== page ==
The rally in oil prices over the past two weeks has boosted the confidence of contractors and consultants working in the region.

Since 13 January prices have increased by more than 25 per cent from $46 a barrel to reach $58 a barrel on 9 February, and although analysts say the rebound may be short lived, the rise has improved sentiment.

We experienced a slowdown this year, awards are not being made and in mid-January our outlook for the year was becoming more negative,” says a US-based consultant. “The oil price has strengthened the past two weeks and that making the outlook for the year more optimistic.”

The consultant adds that an oil price of about $85 a barrel should give clients the confidence to move ahead with new projects. At the moment governments have committed to continuing with projects that are already under construction on site, while delayed decisions on new capital expenditure.

Contractors also say that there has been a slowdown in awards in 2015, although there are few explicit examples of delays due to oil prices. Instead the delays have resulted from budget concerns and other bureaucratic hurdles that need to be resolved.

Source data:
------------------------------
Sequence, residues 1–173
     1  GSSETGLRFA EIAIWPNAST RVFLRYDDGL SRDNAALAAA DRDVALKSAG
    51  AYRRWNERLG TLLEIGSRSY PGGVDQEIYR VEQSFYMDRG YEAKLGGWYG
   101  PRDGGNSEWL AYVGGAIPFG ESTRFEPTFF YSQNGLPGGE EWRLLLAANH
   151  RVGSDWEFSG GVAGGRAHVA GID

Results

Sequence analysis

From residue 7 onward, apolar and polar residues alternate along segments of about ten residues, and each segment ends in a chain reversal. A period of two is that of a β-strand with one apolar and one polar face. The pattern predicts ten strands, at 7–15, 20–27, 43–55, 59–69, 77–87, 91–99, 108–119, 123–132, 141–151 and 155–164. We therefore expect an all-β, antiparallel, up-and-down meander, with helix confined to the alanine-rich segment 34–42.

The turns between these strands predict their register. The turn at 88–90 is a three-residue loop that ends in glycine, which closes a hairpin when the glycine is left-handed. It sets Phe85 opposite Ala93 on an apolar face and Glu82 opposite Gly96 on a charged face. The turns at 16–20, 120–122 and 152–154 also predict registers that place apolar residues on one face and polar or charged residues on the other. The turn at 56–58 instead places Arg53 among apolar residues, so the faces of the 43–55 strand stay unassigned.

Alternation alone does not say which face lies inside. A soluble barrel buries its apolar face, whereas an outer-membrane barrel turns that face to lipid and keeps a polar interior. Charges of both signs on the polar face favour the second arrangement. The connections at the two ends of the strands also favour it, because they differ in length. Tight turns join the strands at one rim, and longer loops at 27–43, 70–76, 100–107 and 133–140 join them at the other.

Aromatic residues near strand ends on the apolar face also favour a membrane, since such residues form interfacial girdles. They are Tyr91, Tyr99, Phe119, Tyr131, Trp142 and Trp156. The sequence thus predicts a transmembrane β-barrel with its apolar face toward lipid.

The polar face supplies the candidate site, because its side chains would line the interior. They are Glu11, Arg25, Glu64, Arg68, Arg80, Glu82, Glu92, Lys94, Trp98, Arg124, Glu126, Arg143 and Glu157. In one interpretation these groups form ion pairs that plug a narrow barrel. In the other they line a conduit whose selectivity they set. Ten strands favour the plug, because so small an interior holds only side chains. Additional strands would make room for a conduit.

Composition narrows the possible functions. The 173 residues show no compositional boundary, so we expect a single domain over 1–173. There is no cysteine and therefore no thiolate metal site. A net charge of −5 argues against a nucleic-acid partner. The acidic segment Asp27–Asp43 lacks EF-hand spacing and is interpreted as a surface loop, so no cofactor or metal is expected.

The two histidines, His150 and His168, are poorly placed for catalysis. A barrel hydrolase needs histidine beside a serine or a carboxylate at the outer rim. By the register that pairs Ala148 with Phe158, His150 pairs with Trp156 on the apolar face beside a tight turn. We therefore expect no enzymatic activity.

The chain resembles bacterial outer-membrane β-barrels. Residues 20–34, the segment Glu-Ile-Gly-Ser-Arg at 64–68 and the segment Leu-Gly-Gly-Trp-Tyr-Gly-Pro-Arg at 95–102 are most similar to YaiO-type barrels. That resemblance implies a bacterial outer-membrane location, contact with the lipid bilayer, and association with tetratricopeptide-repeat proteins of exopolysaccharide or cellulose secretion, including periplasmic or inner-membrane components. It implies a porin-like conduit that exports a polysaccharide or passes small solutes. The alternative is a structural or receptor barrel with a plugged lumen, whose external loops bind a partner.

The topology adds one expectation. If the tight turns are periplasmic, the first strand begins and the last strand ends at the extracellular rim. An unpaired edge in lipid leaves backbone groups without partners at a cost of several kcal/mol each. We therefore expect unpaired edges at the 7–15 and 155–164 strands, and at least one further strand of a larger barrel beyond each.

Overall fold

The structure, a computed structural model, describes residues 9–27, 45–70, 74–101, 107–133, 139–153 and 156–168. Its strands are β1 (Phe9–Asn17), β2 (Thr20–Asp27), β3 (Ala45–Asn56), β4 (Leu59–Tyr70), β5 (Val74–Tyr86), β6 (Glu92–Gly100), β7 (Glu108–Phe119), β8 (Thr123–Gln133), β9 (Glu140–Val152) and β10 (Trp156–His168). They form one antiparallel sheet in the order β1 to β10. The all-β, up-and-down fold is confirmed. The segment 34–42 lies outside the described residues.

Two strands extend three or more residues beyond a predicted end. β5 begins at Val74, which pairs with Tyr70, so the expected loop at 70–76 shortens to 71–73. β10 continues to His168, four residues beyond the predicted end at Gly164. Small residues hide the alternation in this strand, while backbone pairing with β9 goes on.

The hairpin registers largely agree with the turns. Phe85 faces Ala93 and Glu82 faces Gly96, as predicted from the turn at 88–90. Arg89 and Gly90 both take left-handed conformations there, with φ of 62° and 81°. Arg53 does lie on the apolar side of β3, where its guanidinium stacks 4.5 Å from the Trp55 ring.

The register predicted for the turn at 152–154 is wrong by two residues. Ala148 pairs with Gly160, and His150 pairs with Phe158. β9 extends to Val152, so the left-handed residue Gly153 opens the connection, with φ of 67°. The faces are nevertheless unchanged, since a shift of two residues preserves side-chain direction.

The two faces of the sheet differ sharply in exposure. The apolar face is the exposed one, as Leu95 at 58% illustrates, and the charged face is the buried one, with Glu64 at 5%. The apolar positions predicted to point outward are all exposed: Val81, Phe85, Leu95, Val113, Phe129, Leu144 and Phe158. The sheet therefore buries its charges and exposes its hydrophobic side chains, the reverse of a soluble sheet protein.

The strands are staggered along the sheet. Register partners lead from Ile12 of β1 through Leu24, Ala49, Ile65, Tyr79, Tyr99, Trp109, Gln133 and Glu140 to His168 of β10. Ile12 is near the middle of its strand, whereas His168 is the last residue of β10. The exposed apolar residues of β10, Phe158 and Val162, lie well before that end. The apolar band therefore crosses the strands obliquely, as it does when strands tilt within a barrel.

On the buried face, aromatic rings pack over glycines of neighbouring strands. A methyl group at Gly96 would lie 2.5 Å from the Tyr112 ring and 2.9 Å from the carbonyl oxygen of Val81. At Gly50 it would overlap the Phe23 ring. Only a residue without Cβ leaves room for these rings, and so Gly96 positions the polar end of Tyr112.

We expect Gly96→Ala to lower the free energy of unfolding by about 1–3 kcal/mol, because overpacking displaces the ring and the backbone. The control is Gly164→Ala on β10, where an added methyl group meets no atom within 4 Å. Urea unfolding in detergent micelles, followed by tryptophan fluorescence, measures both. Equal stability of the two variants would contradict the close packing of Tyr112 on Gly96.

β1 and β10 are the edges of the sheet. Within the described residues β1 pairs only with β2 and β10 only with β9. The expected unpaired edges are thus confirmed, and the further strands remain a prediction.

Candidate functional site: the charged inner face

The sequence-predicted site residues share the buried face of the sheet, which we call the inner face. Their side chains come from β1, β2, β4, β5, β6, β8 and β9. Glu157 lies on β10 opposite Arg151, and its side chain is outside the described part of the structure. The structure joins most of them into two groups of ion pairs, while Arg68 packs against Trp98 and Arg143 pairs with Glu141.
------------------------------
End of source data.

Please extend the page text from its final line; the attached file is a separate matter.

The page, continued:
“We are waiting for an award on a major project in Abu Dhabi,” says an Asian contractor. “We are ready to sign, but now we have been told we have to wait for a new environmental impact study to be completed. We are asking ourselves if this is just a delaying tactic.”

Another factor that has slowed down the market is the change in leadership of many of the ministries and other government authorities in Saudi Arabia after King Salman bin bin Abdulaziz al-Saud took to the throne in late January and appointed a range new minsters and governors.

Construction contract awards were delayed in Saudi Arabia following ministry changes after the deaths of Crown Prince Sultan bin Abdulaziz al-Saud in 2011 and Crown Prince Nayef bin Abdulaziz al-Saud in 2012.